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CHAPTER VI.
QUEEN ANNE'S WAR.

Outbreak   In 1702 France and England again went

of War. to war, for reasons that did not concern the American colonies. But the latter immediately joined in the strife, which is known in Canadian history as " Queen Anne's War," because it raged throughout her reign.

De Vaudreuil, the governor of New France, afraid of provoking the Iroquois, sent no war parties against New York ; but he stirred up the Abenaki tribes to desolate the New England borders with fire and sword. In revenge a fleet from Boston destroyed the villages and broke down the dykes on the Bay of Fundy. But all the while the English colonists continued to trade with the Acadians and to catch fish along their coasts.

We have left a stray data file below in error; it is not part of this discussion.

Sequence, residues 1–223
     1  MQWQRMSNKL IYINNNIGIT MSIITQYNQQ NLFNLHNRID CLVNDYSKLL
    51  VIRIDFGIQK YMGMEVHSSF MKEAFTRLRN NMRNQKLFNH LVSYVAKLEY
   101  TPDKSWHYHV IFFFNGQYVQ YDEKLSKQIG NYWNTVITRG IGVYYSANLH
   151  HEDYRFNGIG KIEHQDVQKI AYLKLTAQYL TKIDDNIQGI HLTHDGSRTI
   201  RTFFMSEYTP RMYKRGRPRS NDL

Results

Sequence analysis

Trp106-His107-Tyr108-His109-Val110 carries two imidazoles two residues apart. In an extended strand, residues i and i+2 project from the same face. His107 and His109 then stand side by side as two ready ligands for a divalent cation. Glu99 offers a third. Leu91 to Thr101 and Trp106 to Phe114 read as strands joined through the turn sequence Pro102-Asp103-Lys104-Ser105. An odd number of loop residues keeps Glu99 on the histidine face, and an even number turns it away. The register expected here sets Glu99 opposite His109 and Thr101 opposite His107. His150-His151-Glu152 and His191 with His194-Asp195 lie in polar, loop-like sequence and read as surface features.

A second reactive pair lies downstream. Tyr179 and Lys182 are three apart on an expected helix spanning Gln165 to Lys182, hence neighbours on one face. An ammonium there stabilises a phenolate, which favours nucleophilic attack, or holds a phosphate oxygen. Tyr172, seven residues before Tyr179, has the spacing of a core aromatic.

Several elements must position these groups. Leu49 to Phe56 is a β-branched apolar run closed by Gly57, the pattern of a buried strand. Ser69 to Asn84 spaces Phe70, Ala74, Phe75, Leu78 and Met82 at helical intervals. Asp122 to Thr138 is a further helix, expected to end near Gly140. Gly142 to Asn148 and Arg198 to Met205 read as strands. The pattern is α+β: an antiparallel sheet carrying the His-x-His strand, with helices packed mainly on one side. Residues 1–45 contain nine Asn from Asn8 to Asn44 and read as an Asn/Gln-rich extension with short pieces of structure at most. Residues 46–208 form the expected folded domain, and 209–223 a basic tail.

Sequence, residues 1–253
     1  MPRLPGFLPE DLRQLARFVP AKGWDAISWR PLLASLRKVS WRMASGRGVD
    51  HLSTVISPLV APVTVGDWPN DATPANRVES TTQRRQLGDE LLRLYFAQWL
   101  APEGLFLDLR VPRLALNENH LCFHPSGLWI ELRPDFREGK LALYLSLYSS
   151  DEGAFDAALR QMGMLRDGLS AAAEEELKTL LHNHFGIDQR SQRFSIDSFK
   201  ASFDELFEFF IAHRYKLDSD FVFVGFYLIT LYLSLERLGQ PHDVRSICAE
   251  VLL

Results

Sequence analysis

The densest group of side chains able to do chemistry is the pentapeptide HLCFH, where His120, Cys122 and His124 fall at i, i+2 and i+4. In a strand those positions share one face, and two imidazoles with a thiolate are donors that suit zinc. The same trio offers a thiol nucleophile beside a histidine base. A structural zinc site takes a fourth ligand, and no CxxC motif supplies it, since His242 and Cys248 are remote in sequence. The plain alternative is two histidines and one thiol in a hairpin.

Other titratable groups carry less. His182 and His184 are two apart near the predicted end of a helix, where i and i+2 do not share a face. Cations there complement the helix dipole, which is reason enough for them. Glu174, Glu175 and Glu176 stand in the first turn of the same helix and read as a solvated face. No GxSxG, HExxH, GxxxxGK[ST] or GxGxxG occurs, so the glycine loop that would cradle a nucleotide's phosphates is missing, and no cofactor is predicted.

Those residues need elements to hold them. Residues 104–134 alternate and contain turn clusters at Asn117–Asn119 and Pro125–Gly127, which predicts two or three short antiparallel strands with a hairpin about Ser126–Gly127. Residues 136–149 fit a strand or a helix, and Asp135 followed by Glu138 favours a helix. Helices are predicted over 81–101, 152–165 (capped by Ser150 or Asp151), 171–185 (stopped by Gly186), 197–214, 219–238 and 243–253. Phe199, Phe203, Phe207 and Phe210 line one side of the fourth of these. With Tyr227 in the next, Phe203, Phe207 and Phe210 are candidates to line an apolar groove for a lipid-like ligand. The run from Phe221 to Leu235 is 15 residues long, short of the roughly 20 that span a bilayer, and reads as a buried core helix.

In 1707 the people of New England tried twice to take Port Royal. Neither soldiers nor officers, however, knew anything of war, and they were easily beaten off. But they only planned greater things.

Plan to   Once more they proposed to conquer Can-

Attack   ada, if only to stop the dreadful Indian

Canada. raids. England promised a fleet, and the different colonies engaged to raise men and money. Some of the troops were sent at once towards Lake Champlain to be ready to attack Montreal. But they passed several dreary weeks cooped up in a hastily-built fort, where many sickened and died. At last they were obliged to return home without doing anything. Mean-

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